Frequently Asked Questions
How did Planning 2.0 get started?
In 2011, the BLM released a strategic plan entitled “Winning the Challenges of the Future: A Roadmap for Success in 2016.” Among other goals, the Roadmap challenged the BLM to “adopt a proactive and nimble approach to planning that allows us to work collaboratively with partners at different scales to produce highly useful decisions that readily address the rapidly changing environment and conditions.”
As part of the BLM’s landscape approach to managing public lands, the BLM has recently undertaken several initiatives including Regional Mitigation Strategies, Rapid Ecoregional Assessments, and theAssessment, Inventory, and Monitoring (AIM) Strategy.
Planning 2.0 will address the goals set forth in the Roadmap for Success and incorporate elements of the landscape approach into its land use planning process to create a framework to allow us to more effectively and efficiently plan across landscapes.
What does it mean to “plan across landscapes?”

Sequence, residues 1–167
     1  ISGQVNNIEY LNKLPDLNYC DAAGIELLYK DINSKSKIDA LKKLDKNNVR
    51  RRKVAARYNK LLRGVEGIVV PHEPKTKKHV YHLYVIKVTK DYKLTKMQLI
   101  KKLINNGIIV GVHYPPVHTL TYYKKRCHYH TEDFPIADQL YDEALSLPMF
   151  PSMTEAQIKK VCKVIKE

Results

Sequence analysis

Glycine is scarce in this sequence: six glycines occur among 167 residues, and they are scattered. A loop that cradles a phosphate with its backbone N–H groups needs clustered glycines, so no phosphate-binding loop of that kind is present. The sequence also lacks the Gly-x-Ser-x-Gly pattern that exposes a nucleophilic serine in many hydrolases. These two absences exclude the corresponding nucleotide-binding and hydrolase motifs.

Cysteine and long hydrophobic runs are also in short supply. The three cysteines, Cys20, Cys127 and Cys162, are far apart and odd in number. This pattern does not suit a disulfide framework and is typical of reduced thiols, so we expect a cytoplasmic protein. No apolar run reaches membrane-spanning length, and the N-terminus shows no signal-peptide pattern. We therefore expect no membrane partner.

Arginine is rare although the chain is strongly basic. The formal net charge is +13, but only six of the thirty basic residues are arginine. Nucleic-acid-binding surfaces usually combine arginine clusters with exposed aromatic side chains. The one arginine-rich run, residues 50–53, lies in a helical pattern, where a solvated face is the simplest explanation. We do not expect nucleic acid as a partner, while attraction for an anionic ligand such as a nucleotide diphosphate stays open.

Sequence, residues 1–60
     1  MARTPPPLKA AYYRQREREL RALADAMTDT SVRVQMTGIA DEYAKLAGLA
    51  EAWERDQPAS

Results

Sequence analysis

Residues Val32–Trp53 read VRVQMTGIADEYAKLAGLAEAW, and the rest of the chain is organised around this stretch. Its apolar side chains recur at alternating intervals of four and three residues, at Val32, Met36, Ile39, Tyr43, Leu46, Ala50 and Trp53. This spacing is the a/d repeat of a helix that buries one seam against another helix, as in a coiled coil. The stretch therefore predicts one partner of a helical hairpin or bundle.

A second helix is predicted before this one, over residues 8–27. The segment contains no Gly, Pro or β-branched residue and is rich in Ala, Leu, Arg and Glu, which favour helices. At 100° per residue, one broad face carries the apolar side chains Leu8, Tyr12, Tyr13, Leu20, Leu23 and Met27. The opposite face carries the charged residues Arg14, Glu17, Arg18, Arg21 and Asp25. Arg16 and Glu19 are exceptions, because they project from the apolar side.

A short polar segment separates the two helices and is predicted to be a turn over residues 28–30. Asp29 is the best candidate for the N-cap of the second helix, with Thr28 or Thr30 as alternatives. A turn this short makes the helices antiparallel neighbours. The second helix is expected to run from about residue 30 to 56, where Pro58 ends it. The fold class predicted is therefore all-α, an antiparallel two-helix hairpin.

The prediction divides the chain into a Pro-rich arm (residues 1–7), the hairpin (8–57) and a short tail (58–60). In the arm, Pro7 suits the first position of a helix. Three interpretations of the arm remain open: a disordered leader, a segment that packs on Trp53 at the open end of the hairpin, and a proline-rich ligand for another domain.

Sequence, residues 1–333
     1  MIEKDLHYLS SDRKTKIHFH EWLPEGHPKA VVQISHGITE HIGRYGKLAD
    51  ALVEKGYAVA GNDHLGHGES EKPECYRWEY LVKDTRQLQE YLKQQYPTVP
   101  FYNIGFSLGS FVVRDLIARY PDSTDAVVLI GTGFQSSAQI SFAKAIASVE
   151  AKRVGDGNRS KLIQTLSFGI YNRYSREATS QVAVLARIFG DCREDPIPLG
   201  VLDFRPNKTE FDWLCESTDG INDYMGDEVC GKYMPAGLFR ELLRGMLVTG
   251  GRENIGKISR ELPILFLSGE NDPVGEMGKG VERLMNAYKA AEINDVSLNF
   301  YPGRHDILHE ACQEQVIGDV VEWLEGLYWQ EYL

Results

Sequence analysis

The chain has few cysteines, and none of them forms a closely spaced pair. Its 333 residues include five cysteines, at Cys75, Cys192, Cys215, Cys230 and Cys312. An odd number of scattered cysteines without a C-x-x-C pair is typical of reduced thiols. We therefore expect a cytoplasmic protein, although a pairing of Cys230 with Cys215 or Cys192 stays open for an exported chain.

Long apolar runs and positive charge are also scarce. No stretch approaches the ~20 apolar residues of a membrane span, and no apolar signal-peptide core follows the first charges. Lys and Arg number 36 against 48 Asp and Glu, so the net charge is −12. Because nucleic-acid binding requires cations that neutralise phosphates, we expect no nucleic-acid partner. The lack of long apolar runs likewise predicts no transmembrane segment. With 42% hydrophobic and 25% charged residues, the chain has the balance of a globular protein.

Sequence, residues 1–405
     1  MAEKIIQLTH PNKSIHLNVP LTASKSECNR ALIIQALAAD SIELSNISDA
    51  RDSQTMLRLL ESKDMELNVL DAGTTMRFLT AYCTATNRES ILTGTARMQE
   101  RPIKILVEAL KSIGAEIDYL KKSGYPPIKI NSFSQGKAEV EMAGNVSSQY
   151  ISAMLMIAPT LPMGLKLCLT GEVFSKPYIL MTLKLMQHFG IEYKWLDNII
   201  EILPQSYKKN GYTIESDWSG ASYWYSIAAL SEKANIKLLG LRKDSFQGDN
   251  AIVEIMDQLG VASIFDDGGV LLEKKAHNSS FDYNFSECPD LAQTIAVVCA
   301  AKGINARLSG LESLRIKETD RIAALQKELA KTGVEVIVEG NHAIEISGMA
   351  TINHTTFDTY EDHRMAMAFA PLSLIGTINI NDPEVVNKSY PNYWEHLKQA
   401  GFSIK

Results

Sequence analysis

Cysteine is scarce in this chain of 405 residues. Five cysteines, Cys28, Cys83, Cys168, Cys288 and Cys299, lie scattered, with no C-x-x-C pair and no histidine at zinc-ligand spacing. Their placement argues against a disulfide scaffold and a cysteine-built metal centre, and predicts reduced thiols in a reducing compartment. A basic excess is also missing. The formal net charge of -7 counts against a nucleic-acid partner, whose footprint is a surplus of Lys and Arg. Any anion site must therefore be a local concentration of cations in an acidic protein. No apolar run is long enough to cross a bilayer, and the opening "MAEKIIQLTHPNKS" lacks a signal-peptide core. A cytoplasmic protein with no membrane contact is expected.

The Department of the Interior and the BLM are moving towards a landscape approach to managing public lands, and this includes resource management planning. The challenges we face in managing natural resources, as well as the opportunities to better manage our public lands often occur at scales larger than a single BLM planning area and cross jurisdictional boundaries. Planning 2.0 will provide the BLM with the tools we need to address these challenges and opportunities, and effectively plan across landscapes and at different geospatial scales. For example, establishing a stronger geospatial foundation to our plans will allow BLM managers to coordinate when a resource occurs in multiple planning areas and to consider the larger geographical setting to resource management decisions. It will also allow the BLM to better coordinate with our partner land management agencies on cross-cutting issues.